Vegetable Obesity

Careful observation shows that the plant pictured here is definitely suffering from morbid vegetable obesity.

Are your houseplants overweight?

Obesity was once believed to be a problem primarily for the animal kingdom, but new research shows that vegetable obesity is becoming more and more of a problem. Super-sized plant life is especially abundant in suburban neighborhoods.

One of the biggest problems for scientists working in this area has been coming up with a relevant way to measure plant obesity. The familiar BMI, or Body Mass Index, simply isn’t appropriate for plants, since they keep growing throughout their lives and can’t easily be weighed.

Scientists eventually devised the VOR, or Vegetable Obesity Ratio. This measure looks at the ratio between the average height and girth for plants of a given age and species, multiplied by the Obesity Constant, defined as 12.872 Kilocalories per square meter. The VOR also takes into account the average rainfall and insolation for a given location, and the number of Twinkies® eaten within a two mile radius of the plant’s primary abode.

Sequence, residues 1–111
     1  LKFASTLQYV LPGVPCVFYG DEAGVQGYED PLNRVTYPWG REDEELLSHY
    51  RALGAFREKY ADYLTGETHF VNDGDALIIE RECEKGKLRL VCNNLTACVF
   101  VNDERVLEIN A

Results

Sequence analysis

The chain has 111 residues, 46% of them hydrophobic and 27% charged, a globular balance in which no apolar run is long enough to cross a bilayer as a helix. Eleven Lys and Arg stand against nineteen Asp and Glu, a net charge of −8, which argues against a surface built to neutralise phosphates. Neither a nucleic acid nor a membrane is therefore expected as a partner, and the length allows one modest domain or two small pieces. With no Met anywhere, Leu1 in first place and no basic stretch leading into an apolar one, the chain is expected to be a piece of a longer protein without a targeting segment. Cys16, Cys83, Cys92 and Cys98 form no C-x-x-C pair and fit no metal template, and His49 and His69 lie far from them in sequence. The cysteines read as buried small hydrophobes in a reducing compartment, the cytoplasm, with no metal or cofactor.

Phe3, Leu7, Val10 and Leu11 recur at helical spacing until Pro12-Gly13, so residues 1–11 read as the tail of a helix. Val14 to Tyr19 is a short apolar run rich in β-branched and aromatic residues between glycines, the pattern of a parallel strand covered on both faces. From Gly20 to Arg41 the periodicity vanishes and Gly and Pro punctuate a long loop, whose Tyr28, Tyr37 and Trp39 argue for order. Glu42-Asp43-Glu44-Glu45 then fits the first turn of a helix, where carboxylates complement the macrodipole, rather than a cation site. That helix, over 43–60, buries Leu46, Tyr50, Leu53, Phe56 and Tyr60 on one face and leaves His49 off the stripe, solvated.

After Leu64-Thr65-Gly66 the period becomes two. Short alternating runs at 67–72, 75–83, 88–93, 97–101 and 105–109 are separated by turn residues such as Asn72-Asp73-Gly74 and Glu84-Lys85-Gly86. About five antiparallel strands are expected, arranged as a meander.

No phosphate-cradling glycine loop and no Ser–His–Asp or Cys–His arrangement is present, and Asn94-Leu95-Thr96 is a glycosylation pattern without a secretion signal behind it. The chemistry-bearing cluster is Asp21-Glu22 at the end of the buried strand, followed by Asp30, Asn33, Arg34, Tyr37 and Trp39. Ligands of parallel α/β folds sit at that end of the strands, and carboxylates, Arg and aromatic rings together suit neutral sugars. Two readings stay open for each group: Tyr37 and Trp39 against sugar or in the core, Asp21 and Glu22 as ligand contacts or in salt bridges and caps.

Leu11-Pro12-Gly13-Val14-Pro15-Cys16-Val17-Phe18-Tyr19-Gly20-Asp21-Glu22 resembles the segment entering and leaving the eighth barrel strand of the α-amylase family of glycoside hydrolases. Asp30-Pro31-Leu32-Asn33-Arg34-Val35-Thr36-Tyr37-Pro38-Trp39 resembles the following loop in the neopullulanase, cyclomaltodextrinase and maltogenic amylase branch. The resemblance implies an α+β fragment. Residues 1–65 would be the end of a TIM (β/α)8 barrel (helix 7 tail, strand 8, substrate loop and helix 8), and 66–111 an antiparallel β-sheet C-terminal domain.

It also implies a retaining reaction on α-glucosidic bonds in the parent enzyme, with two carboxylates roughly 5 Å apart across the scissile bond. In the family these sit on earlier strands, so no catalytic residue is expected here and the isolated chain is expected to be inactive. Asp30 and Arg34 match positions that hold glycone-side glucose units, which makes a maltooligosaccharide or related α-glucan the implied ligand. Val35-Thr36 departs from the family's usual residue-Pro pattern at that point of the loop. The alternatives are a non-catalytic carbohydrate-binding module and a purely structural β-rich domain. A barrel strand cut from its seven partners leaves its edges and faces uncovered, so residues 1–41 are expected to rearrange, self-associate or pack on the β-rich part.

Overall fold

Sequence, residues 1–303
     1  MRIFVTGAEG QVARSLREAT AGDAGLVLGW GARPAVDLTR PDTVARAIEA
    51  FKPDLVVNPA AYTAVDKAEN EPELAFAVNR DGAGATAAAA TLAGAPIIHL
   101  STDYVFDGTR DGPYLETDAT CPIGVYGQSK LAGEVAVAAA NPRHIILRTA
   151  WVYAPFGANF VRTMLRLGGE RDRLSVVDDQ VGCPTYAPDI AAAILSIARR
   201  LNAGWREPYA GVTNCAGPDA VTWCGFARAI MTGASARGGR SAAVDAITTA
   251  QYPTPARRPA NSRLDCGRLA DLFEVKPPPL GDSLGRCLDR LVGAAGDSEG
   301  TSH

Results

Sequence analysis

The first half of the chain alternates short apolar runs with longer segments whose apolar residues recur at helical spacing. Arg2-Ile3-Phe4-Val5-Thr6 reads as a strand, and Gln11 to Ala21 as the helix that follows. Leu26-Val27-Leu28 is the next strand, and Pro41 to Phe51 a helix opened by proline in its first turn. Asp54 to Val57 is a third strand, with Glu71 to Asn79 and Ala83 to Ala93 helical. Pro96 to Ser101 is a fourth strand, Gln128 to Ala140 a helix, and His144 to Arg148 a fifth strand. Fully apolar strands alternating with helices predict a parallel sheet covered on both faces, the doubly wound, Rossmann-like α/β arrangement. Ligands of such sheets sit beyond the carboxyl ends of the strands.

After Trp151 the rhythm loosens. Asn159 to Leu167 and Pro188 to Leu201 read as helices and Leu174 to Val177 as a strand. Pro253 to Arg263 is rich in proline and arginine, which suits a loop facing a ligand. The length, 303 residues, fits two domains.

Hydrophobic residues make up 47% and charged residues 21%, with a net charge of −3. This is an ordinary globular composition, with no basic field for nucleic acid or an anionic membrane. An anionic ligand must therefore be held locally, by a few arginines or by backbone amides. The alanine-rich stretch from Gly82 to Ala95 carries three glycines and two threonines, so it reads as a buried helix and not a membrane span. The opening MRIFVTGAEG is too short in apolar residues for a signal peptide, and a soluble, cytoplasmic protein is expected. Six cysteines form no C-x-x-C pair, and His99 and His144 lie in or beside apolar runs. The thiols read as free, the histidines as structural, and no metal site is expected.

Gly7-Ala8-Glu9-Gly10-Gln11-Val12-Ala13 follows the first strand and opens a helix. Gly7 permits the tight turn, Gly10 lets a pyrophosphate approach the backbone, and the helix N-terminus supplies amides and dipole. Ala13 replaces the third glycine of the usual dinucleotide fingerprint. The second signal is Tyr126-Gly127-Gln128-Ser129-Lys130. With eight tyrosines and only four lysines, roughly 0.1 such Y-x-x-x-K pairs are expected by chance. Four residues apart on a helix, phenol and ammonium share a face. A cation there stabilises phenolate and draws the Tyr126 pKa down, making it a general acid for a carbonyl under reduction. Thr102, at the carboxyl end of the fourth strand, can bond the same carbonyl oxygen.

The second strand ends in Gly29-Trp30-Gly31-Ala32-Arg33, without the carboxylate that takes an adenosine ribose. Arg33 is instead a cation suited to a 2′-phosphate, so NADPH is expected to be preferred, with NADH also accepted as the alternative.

In order to help curb the rapid spread of vegetable obesity, Pfizoid Pfarma® has developed a new diet pill specifically targeted at plants. Tentatively called Vegelipex, this pill works by reducing a plant’s appetite. Vegelipex is expected to be part of an effective vegetative obesity cure when supplemented by vigorous exercise and a generally healthy lifestyle.


Add a Comment
  1. Julio says:

    Man, you should have seen this totally obese oak tree I saw yesterday. I was out taking a walk, and I stopped to take a breath–I was totally out of breath. So I stopped to lean against this oak tree, and I thought: “Dude, this tree is even fatter than I am.” Wow!

  2. Warren Pabbles III says:

    Are you a kill joy? Don’t you think plants enjoy eating too? You’re nothing but a Jansenist. I fervently hope that the next potato you eat will be shriveled and your melons will be poor and weak.

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